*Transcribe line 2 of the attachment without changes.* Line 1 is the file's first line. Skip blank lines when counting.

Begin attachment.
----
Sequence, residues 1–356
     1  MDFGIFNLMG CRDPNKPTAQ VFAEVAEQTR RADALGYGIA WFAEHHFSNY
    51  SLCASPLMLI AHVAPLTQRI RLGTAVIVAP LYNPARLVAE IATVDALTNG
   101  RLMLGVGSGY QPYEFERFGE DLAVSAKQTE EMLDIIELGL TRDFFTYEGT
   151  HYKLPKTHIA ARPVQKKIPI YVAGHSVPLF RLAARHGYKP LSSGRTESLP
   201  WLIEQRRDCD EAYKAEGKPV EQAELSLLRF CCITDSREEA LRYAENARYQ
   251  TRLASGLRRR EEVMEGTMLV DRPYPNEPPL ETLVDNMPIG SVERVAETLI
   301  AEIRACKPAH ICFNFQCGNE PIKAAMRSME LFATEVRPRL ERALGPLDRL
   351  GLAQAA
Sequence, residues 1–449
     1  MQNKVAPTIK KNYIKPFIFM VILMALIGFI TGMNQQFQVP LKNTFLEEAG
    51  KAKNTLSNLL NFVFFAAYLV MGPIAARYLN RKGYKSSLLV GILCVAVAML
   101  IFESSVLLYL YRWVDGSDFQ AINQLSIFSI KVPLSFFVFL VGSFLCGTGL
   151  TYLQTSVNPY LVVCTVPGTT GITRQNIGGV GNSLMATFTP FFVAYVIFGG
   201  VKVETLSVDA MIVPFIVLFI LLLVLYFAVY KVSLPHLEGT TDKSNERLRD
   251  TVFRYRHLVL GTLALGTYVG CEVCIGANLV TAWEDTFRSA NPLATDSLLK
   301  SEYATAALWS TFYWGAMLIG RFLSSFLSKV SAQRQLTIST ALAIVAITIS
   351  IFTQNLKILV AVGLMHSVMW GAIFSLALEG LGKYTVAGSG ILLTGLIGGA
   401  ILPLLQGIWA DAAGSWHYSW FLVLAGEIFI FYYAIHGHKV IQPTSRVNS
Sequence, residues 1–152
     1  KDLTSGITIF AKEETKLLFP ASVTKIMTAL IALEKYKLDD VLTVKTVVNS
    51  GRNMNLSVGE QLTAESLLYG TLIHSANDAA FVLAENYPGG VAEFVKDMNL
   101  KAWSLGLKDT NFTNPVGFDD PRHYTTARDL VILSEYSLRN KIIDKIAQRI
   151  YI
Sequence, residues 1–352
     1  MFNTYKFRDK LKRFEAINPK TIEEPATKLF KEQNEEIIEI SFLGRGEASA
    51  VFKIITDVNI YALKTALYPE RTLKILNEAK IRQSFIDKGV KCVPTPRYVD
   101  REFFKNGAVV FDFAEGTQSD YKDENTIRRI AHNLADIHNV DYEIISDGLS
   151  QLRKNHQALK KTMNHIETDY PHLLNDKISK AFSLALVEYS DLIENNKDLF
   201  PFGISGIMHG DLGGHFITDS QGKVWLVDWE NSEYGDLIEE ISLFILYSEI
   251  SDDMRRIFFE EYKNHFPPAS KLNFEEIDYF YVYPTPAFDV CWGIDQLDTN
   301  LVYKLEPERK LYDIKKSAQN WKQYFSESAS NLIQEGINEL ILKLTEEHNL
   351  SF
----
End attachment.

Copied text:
     1  MDFGIFNLMG CRDPNKPTAQ VFAEVAEQTR RADALGYGIA WFAEHHFSNY